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I have a function that takes the argument NBins. I want to make a call to this function with a scalar 50 or an array [0, 10, 20, 30]. How can I identify within the function, what the length of NBins is? or said differently, if it is a scalar or a vector?

I tried this:

>>> N=[2,3,5]
>>> P = 5
>>> len(N)
3
>>> len(P)
Traceback (most recent call last):
  File "<stdin>", line 1, in <module>
TypeError: object of type 'int' has no len()
>>> 

As you see, I can't apply len to P, since it's not an array.... Is there something like isarray or isscalar in python?

thanks

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Have you tried testing for it's type? –  Sukrit Kalra May 29 '13 at 6:34

6 Answers 6

up vote 19 down vote accepted
>>> isinstance([0, 10, 20, 30], list)
True
>>> isinstance(50, list)
False

To support any type of sequence, check collections.Sequence instead of list.

note: isinstance also supports a tuple of classes, check type(x) in (..., ...) should be avoided and is unnecessary.

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thanks, I didn't imagine inverting list to get false for scalars... thanks –  otmezger May 29 '13 at 6:39
    
+1 for collections.Sequence –  Elazar May 29 '13 at 6:40
    
+1 wonderful. i usually use type([1,2])==type(N) to check. –  suhail May 29 '13 at 9:03
1  
While this is a great answer, collections.Sequence is an ABC for string as well, so that should be taken into account. I'm using something like if type(x) is not str and isinstance(x, collections.Sequence):. This isn't great, but it is reliable. –  bbenne10 Aug 4 at 19:47

Previous answers assume that the array is a python standard list. As someone who uses numpy often, I'd recommend a very pythonic test of:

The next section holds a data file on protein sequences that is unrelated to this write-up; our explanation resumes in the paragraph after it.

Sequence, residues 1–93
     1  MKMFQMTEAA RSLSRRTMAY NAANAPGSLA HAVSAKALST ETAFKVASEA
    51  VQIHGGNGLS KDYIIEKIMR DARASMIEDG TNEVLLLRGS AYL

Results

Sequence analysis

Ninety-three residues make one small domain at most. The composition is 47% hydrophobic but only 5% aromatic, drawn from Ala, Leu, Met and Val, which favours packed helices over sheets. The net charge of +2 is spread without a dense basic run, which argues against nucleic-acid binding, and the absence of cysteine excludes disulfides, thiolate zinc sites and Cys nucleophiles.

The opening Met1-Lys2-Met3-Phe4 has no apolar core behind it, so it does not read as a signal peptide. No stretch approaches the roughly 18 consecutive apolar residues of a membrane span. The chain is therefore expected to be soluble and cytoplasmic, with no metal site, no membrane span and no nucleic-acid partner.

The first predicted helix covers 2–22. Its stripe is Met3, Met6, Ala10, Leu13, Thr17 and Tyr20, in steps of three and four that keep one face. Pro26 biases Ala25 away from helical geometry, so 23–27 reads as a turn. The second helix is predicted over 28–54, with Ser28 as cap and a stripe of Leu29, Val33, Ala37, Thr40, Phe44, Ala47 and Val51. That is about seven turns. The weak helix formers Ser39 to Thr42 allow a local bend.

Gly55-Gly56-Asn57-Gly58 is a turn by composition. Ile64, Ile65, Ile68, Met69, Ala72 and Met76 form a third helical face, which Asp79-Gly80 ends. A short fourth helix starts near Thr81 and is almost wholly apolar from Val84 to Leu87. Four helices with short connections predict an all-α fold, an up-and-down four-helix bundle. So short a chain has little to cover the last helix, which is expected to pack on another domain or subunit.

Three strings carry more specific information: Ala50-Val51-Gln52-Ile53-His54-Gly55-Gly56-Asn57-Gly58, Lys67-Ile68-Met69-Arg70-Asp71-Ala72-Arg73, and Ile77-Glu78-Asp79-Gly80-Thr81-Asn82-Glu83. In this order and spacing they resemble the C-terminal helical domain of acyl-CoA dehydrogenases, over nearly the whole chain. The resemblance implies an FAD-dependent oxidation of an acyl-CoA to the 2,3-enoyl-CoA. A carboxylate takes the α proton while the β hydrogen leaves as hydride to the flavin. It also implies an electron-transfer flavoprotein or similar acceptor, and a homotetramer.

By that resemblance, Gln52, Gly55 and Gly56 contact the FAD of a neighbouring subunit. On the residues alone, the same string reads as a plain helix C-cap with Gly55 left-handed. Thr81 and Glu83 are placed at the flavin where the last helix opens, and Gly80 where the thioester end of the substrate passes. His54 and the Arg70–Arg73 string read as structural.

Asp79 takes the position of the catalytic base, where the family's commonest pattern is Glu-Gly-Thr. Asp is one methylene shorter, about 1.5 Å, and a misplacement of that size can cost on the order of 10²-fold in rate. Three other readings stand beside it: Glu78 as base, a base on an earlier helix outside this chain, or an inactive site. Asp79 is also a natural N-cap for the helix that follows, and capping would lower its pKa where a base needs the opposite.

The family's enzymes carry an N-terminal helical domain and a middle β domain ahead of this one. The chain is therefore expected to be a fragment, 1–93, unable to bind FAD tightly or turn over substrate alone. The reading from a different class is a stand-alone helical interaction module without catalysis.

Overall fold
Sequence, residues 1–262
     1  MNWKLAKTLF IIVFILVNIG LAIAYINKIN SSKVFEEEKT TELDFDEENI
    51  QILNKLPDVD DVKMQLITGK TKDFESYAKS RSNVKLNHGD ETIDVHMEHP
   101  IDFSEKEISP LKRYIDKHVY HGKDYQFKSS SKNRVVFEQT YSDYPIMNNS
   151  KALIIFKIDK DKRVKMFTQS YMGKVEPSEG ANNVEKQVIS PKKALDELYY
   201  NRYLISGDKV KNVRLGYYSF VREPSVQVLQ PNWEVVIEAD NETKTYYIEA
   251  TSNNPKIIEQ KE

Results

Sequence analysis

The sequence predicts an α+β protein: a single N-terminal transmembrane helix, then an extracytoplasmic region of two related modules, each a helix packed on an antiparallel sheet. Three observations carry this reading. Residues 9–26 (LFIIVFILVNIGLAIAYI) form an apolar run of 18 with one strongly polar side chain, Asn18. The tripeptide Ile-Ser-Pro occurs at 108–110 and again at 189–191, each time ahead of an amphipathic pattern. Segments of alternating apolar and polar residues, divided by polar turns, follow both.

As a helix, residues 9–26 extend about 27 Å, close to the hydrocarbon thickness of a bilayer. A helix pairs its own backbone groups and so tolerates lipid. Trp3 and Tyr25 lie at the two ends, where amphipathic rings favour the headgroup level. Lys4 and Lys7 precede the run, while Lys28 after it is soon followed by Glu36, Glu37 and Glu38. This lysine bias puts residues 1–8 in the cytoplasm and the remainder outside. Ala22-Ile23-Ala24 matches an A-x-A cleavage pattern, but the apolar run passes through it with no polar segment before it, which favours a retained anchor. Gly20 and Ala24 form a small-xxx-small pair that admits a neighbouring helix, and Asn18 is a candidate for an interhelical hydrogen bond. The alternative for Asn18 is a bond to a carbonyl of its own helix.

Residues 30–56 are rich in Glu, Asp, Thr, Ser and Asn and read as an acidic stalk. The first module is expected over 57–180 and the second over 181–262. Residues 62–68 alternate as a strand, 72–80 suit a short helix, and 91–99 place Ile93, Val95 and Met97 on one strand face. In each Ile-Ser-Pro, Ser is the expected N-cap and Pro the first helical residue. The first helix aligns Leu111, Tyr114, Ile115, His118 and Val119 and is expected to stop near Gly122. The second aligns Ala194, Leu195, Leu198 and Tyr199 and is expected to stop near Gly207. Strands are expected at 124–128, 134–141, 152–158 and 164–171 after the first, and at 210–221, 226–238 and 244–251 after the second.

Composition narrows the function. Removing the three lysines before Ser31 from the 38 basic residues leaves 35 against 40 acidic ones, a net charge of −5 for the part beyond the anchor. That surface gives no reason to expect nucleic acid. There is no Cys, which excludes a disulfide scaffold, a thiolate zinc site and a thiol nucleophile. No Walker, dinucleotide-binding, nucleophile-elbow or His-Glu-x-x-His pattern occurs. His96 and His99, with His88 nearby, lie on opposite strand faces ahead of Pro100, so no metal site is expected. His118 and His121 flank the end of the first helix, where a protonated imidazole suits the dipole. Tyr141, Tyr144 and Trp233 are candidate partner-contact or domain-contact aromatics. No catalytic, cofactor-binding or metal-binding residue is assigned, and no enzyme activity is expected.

if hasattr(N, "__len__")
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strings have a __len__ attribute (so I guess, not technically a scalar type) –  xofer Apr 17 at 16:49
    
if hasattr(N, '__len__') and (not isinstance(N, str)) would properly account for strings. –  Thucydides411 Oct 13 at 19:32

While, @jamylak's approach is the better one, here is an alternative approach

>>> N=[2,3,5]
>>> P = 5
>>> type(P) in (tuple, list)
False
>>> type(N) in (tuple, list)
True
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It would have been great if the person who downvoted the answer would have given a reason too. –  Sukrit Kalra May 29 '13 at 9:58
    
i've actually upvoted, but then realized that it deosn't work in 2.7:>>> p=[] >>> type(p) in (list) Traceback (most recent call last): File "<stdin>", line 1, in <module> –  Oleg Gryb Jun 12 at 1:14
    
@OlegGryb: Try type(p) in (list, ). –  Sukrit Kalra Jun 12 at 6:25
    
ah, it's a tuple on the right, not a list, got it, thanks and it works now. I regret, I can't upvote 2 times - the best solution so far :) –  Oleg Gryb Jun 12 at 17:42

You can check data type of variable.

N = [2,3,5]
P = 5
type(P)

It will give you out put as data type of P.

<type 'int'>

So that you can differentiate that it is an integer or an array.

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Another alternative approach (use of class name property):

N = [2,3,5]
P = 5

type(N).__name__ == 'list'
True

type(P).__name__ == 'int'
True

type(N).__name__ in ('list', 'tuple')
True

No need to import anything.

share|improve this answer
>>> N=[2,3,5]
>>> P = 5
>>> type(P)==type(0)
True
>>> type([1,2])==type(N)
True
>>> type(P)==type([1,2])
False
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